A murder was committed at RacheterWorld Amusement Park, and ride operator Whit Bowman faced prosecution for murder, robbery and theft.
A member of Bowman’s defense team, University of Mary Washington senior Colin Spangler insisted that Bowman was merely a victim of convenience while the real culprit got away.
“The prosecution cannot offer you proof (of Bowman’s guilt) because it simply does not exist,” Spangler pleaded in his closing argument of the fictional trial held at the U.S. District Courthouse in Washington, D.C. “Today it is your opportunity to tell the prosecution that someone is not better than no one when that someone, Whit Bowman, is innocent. Find Whit Bowman not guilty of all three charges.”
Spangler is among nine members of the UMW Mock Trial Team who argued both for and against Bowman’s innocence in March at the Opening Round Championship tournament sponsored by the American Mock Trial Association (AMTA). The competition enables students to participate in contrived or fake trials in order to learn skills and compete with one another. AMTA provides a problem or fictional case, and each team presents one side of the case against a team from another school, just as attorneys present real cases in real courtrooms.
The UMW team earned the coveted berth to compete against 24 select colleges after placing eighth out of 23 teams at an earlier regional tournament. Although the UMW team stopped short of advancing to the national competition next month in Florida, Spangler earned top honors as an outstanding attorney for his defense argument and as an outstanding witness in his role as a detective testifying for the prosecution in the case.
“It was truly an emotional moment to see the months of hard work and preparation pay off,” said Spangler, who also received the highest attorney honors at the regional competition. “Given the caliber of schools at the tournament, which included Penn State, University of Pennsylvania and George Washington University, I was truly amazed to have been given the award.”
“We are so very proud of Colin,” said Anna Lindemann ’10, assistant coach and co-founder of the UMW Mock Trial team. “He is a prime example of how the students can learn and improve from year to year, building their skills to become talented advocates.”
Lindemann knows from experience. Along with Ghislaine Storr Burks, she founded the team as a student in 2009. Storr Burks, a partner with the law firm of Livesay & Myers, P.C., also teaches introductory law and legal writing in the Department of Classics, Philosophy and Religion. Also on the coaching staff is Brian Boyle, an assistant commonwealth’s attorney for Prince William County. Lindemann has since graduated from Suffolk University Law School and continues to work at Livesay & Myers.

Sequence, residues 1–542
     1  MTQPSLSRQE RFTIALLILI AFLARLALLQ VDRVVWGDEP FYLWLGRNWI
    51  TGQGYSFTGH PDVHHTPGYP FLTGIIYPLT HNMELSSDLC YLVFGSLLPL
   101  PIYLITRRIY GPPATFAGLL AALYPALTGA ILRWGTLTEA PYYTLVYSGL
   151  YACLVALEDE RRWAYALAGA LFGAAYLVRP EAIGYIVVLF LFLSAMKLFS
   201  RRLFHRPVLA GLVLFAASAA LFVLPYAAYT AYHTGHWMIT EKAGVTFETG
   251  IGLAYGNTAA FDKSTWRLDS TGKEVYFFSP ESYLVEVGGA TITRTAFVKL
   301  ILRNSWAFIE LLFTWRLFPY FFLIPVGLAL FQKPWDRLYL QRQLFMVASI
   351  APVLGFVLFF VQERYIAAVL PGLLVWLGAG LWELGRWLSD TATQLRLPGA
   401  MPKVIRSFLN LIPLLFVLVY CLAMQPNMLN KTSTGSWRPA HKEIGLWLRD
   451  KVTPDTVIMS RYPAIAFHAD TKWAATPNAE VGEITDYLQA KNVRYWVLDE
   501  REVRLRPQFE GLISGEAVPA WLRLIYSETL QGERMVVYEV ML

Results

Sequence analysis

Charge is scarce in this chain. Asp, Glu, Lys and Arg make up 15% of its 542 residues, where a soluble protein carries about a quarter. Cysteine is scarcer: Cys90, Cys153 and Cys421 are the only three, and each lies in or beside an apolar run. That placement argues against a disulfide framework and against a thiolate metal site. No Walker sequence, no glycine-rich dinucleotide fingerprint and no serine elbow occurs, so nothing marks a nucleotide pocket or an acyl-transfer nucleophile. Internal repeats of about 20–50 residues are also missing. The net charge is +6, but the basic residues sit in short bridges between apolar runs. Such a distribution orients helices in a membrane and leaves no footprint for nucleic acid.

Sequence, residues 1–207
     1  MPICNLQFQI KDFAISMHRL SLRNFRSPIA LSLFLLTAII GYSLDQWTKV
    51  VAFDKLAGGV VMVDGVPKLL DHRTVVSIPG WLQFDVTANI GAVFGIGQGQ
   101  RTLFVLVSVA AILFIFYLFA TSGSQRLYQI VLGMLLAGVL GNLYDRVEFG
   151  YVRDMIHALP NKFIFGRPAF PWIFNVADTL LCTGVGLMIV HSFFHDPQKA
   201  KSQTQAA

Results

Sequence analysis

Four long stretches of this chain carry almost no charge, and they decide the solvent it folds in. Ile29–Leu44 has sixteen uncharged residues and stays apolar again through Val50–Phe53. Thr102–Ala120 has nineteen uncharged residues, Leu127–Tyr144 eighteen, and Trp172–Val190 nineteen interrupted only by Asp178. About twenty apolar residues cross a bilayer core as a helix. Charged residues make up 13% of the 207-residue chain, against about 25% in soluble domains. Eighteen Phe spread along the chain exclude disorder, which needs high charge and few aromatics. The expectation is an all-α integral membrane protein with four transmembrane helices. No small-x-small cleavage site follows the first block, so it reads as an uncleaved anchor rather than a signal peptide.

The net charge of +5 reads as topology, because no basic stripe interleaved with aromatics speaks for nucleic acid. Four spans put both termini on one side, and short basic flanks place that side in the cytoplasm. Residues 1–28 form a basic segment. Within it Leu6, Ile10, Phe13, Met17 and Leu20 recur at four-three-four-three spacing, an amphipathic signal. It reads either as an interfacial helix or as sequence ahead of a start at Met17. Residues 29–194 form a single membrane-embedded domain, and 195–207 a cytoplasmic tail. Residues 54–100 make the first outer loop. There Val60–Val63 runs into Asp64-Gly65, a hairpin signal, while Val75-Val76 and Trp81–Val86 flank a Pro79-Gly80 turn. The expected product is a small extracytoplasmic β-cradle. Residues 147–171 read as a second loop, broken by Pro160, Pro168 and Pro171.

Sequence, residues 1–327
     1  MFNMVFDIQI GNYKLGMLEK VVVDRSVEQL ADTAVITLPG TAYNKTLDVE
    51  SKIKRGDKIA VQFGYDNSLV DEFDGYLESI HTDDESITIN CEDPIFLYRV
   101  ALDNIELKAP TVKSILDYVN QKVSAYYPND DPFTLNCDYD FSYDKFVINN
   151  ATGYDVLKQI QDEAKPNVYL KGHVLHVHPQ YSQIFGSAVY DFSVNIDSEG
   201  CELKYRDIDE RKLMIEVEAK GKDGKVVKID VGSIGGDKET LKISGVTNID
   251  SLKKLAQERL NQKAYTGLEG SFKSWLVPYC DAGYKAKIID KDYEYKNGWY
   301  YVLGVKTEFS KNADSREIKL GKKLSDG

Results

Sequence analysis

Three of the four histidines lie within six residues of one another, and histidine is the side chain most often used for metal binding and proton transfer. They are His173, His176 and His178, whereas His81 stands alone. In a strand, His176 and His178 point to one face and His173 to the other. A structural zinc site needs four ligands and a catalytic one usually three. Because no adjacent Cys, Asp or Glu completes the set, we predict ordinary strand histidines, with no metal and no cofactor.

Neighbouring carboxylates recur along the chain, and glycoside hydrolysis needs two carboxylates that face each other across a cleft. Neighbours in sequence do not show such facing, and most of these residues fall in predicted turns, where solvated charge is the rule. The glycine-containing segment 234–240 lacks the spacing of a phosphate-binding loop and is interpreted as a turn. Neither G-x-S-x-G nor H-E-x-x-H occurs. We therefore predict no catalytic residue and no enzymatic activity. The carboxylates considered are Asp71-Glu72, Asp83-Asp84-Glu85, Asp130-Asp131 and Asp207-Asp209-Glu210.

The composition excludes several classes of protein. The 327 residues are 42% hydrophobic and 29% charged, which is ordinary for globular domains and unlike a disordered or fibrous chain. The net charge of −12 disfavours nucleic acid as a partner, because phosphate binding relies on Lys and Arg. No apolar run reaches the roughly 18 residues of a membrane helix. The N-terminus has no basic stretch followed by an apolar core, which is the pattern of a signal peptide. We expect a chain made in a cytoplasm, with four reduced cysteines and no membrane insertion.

Spangler aims to follow Lindemann’s career path in law. In his second year on the team, he recently finished an internship with the Livesay & Myers and will attend the University of South Carolina law school in the fall.
“Competition in the Mock Trial program has allowed me to get as close to real life litigation experience as possible at the undergraduate level,” said Spangler, a resident of Winchester who came to UMW to run track and cross country. But a course in law his sophomore year whetted his appetite for the verbal sparring of the courtroom and inspired him to try out for the mock trial team.
“The program has enabled me to develop skills that cannot be solely taught in a classroom or found in a textbook,” said Spangler, a political science major. “I’ve gained practical skills and experience as to what a career as a trial attorney actually involves and demands.”
Interested students audition for the team in September and those selected generally practice at least 15 hours a week with the coaches preparing for the January regional competition. Students compete in a grueling four rounds over two days, where each team performs two rounds on the prosecution or plaintiff side and two rounds on the defense side. Students on each team assume the roles of the attorneys and the witnesses, and both roles are scored by judges to determine the team’s success at the tournament, said Storr Burks.
Attorneys are responsible for conducting direct and cross examinations as well as delivering opening statements and closing arguments. They must master theories for both sides of the case, plus the rules of evidence, case law and courtroom decorum, said Storr Burks. Witnesses develop their own characters and learn not only to act and represent their role, but also to withstand examination by opposing attorneys.
Competition involves critical thinking.
“You have a set of facts,” said Spangler. “You do a lot of thinking on your feet and you must be prepared for every situation.”
And that know-how has equipped Spangler for his next challenges in law school.
“The experience that the mock trial program has given me will serve as a solid foundation for the next three years of my education and in my career.”